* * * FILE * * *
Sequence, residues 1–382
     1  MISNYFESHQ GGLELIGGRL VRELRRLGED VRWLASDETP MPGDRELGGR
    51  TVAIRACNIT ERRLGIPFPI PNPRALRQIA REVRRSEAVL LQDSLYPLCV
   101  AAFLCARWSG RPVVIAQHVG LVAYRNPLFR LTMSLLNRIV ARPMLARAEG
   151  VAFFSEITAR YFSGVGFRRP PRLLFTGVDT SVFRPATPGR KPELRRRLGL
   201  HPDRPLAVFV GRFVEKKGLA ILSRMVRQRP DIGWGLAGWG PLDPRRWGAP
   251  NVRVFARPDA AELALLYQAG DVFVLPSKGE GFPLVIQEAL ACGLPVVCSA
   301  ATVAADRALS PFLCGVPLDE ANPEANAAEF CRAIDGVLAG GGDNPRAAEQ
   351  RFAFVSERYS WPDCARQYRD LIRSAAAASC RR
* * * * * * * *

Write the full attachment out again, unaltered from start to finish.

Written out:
Sequence, residues 1–382
     1  MISNYFESHQ GGLELIGGRL VRELRRLGED VRWLASDETP MPGDRELGGR
    51  TVAIRACNIT ERRLGIPFPI PNPRALRQIA REVRRSEAVL LQDSLYPLCV
   101  AAFLCARWSG RPVVIAQHVG LVAYRNPLFR LTMSLLNRIV ARPMLARAEG
   151  VAFFSEITAR YFSGVGFRRP PRLLFTGVDT SVFRPATPGR KPELRRRLGL
   201  HPDRPLAVFV GRFVEKKGLA ILSRMVRQRP DIGWGLAGWG PLDPRRWGAP
   251  NVRVFARPDA AELALLYQAG DVFVLPSKGE GFPLVIQEAL ACGLPVVCSA
   301  ATVAADRALS PFLCGVPLDE ANPEANAAEF CRAIDGVLAG GGDNPRAAEQ
   351  RFAFVSERYS WPDCARQYRD LIRSAAAASC RR